• Mitigate HAB impacts by incorporating research products into monitoring applications and encouraging their adoption into routine operation;
  • Compare new and existing technologies;
  • Provide training needed to effectively utilize and support adoption of new monitoring approaches;
  • Demonstrate the value of enhanced HAB monitoring for HAB early warning and forecasting.
  • Letters of Intent due: Nov. 5, 2018.
  • Full applications due: Jan. 22, 2019.
  • More info: Marc Suddleson, Marc.Suddleson@noaa.gov.
Please note that the actual funding amounts available are contingent upon FY19 appropriations. Find the full FFOs on  grants.gov .
The Ecology and Oceanography of Harmful Algal Blooms (ECOHAB) Research Program
The Ecology and Oceanography of Harmful Algal Blooms (ECOHAB) Research Program expects to fund up to three regional projects at $700,000 to $1 million (including ship time) per year per proposal. Up to approximately $3,000,000 may be available for the first year for all ECOHAB projects combined. Projects are expected to last 5 years.
ECOHAB objectives are:
  • To develop quantitative understanding of HABs and their toxins with the intent of developing new information and tools, predictive models and forecasts, and prevention strategies to aid management of coastal environments;
  • To develop understanding that will inform models of trophic transfer of toxins, knowledge of biosynthesis and metabolism of toxins, and assessment of impacts of toxins on higher trophic levels.  Regional or cross-regional proposals addressing the second objective are especially encouraged.
  • Letters of Intent due: Nov. 5, 2018.
  • Full applications due: Feb. 4, 2019.
  • More info: Quay Dortch, Quay.Dortch@noaa.gov.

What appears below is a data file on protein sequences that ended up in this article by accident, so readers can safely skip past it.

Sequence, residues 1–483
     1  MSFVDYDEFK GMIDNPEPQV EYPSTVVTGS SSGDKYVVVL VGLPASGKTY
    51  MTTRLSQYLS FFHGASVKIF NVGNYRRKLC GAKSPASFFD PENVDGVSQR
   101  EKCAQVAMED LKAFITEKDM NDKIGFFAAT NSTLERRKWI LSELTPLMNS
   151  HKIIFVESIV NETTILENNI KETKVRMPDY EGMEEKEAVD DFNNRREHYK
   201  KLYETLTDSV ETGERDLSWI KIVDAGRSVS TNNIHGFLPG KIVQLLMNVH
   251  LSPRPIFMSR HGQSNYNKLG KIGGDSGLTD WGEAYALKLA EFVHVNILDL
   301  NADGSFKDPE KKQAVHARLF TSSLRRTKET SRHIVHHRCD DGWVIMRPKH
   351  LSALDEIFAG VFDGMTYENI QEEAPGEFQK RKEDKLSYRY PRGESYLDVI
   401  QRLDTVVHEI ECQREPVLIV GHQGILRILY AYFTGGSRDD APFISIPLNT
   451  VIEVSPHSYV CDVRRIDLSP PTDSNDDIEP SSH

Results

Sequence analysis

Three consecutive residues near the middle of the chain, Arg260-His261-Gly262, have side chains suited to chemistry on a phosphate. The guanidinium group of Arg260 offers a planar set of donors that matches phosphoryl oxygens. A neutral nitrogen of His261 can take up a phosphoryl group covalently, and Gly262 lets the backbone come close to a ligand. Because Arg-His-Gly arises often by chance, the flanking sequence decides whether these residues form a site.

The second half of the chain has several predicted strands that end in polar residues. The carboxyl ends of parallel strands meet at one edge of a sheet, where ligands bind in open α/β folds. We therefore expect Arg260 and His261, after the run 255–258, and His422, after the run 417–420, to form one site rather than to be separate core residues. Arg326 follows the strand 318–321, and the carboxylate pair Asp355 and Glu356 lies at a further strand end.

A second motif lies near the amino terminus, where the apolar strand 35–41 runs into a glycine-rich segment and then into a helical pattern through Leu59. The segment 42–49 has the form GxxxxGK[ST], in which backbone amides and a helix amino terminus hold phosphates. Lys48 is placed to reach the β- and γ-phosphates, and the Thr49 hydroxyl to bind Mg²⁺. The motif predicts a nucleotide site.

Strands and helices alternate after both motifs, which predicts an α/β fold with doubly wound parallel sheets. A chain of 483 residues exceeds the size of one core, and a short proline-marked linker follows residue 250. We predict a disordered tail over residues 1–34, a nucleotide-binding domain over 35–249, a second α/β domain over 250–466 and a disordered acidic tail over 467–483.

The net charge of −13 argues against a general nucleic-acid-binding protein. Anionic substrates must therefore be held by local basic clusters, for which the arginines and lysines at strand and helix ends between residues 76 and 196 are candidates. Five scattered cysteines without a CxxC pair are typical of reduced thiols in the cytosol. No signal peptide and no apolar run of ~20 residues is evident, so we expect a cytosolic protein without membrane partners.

Please note that the actual funding amounts available are contingent upon FY19 appropriations. Find the full FFOs on grants.gov.
Natural Hazards Center Quick Response Grant Program   
This program provides small grants to help eligible researchers travel to disaster-stricken areas and document disaster before memories fade and physical evidence is erased. Apply now for 2018.
Employment Opportunities
Lab Research Technician, The New Mexico Consortium
The New Mexico Consortium (NMC) is seeking a Lab Research Technician to join a team of scientists at the NMC and Los Alamos National Laboratory (LANL) to advance a DOE-funded project focused on enhancing productivity and stability of algal cultures through the development of microbial consortia. This is a full-time position that offers a competitive salary and benefits (health, dental, life, disability and retirement plan). The minimum qualifications for this position include a B.S. in biology or other relevant discipline, as well as the following KSAs: 

  • Knowledge of: biology, physiology, or ecology; sterile technique; standard laboratory equipment and practices; and methods of data collection and analyses. 
  • Ability to: conduct collaborative research; complete tasks timely and efficiently; establish and maintain strong working relationships with others; and utilize problem-solving techniques. 
  • Skills to: plan and coordinate work assignments; collect, record and analyze data; communicate effectively; maintain records; write technical reports; and understand and apply applicable rules, regulations, policies and procedures.